Trouble Will Find Me is far and away the best comedy album of the year so far.

You see, when I start off a review with that kind of inflammatory hyperbole, I’m just inviting anger. I’m inviting people to complain about how I didn’t give this album a fair chance. I’m inviting them to call me an ass. Well, I am being an ass. This album makes me want to act like one. Trouble Will Find Me is a record that’s meant to be taken seriously, but it’s filled with accidental goofiness and unintentional hilarity. If laughing at serious music makes me an ass, then so be it.

Look, the fact that this album makes me laugh already makes it a massive improvement over the formless, melancholy murk of The National’s previous effort, High Violet. Being unintentionally funny is way better than being boring as fuck, right? And I’ll give the band credit for actually varying their sound across the various tracks this time around, instead of just rewriting the same song eleven times.

So what makes this record so hilarious? Well, to understand that, you have to understand what Trouble Will Find Me sounds like. It’s an album of dark, moody, slow-paced indie rock, with flourishes of strings, keyboards, and harmonicas. Lead singer Matt Berninger drones in a mumbling, mournful baritone. The music is competent, if slightly boring, and like the music on their previous album, it often feels like it’s drowning in reverb. (Blame band members Aaron and Bryce Dessner and their weird production job.) Where hilarity enters the picture is in the lyrics, specifically, how they’re juxtaposed against deadly serious music.

I mean, what the fuck is Berninger singing about? His lyrics (written with the assistance of Carin Besser) make no fucking sense. At all. They’re vaguely elegiac, stream-of-consciousness ramblings, full of non sequiturs and the kind of excessive half-rhyming that characterizes teenage poetry. A sampling, from “Heavenfaced”: “She’s a griever / And I believe her. / It’s not a fever. / It’s a freezer.” What the hell does that even mean? On the opening track, “I Should Live In Salt,” Berninger intones, “I should live in salt for leaving you behind.” Really? In salt? That just sounds like a needlessly poetic way of saying, “I’m a fucking moron for breaking up with you.” Later, on “Pink Rabbits,” he sings, “Am I the one you think about when you’re sitting in your fainting chair drinking pink rabbits?” There’s no drink called a “pink rabbit.” Trust me. I Googled that shit. And who the fuck has a fainting chair nowadays anyway? But by far the funniest thing that Berninger does is when he exclaims, “Fuck!” in the middle of “Demons” for literally no reason at all. He doesn’t even shout it; he just says half-sings it, as if he couldn’t even commit to the emotion of yelling random curse words.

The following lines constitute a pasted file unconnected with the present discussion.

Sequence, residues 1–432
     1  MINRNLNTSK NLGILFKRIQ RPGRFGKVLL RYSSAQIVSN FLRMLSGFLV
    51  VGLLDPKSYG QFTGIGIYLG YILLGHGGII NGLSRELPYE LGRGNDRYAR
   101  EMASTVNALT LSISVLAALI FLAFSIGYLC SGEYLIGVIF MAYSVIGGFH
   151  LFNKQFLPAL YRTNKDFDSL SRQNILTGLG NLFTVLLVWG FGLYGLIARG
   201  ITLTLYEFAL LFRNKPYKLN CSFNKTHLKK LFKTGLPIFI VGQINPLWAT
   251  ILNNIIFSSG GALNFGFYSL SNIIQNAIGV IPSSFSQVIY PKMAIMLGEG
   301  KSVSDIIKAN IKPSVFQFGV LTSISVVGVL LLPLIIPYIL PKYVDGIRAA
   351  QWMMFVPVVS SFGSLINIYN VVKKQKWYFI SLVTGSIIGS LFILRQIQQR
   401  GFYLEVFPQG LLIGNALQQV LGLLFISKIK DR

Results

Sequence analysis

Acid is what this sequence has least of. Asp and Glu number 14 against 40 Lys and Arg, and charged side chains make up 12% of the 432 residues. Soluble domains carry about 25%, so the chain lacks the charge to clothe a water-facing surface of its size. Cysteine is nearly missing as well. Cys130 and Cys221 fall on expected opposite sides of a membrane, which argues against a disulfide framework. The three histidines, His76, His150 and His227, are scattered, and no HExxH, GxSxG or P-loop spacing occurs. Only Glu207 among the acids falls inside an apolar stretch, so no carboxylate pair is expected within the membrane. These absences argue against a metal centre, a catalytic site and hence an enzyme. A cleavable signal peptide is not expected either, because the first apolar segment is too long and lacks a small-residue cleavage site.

The thing is, there’s zero irony in these lyrics. Berninger sings them straight, as if we’re not supposed to laugh when he sings lines like, “Bats and buzzards in the sky, / Alligators in the sewers. / I don’t even wonder why.” Actually, he sings them in a half-bored, kinda drunk, am-I-really-still-in-a-band? voice, which makes me think that his impenetrable metaphors are actually just a pile of intentionally meaningless shit. Maybe he’s writing crazy lyrics on purpose, just to fuck with everyone. Maybe Matt Berninger is trolling us all.

And you know what? That would be fine. Bands should release whatever music and lyrics they want. I support that. And to be honest, Trouble Will Find Me has a few tracks that are legitimately great, like the rocking “Sea of Love” and “Graceless,” and the subdued “I Need My Girl.” But the rest of the album isn’t interesting enough for me to want to take it seriously, and it’s as if the other band members aren’t in on Berninger’s joke as they strum their soporific, deadly serious harmonies in the background. I can hear The National desperately trying (and mostly failing) to break free of the self-imposed shackles of their monotonous High Violet vibe. Strangely, it’s entertaining to hear The National flailing, casting about for an interesting sound. However, I can’t tell how much of that entertainment is schadenfreude, how much of it is fascination with Berninger’s batshit insanity, and how much of it is genuine enjoyment. Trouble Will Find Me is a gloriously confusing, hilarious mess, and I have no idea what I should think of it.

So I’ve settled on being an ass. I’m not going to take this album seriously. Trouble Will Find Me is a fantastically funny comedy album, full of weird, wacky nonsense. Recommended if you like Louis C.K., fart noises, or hot dogs on sticks.

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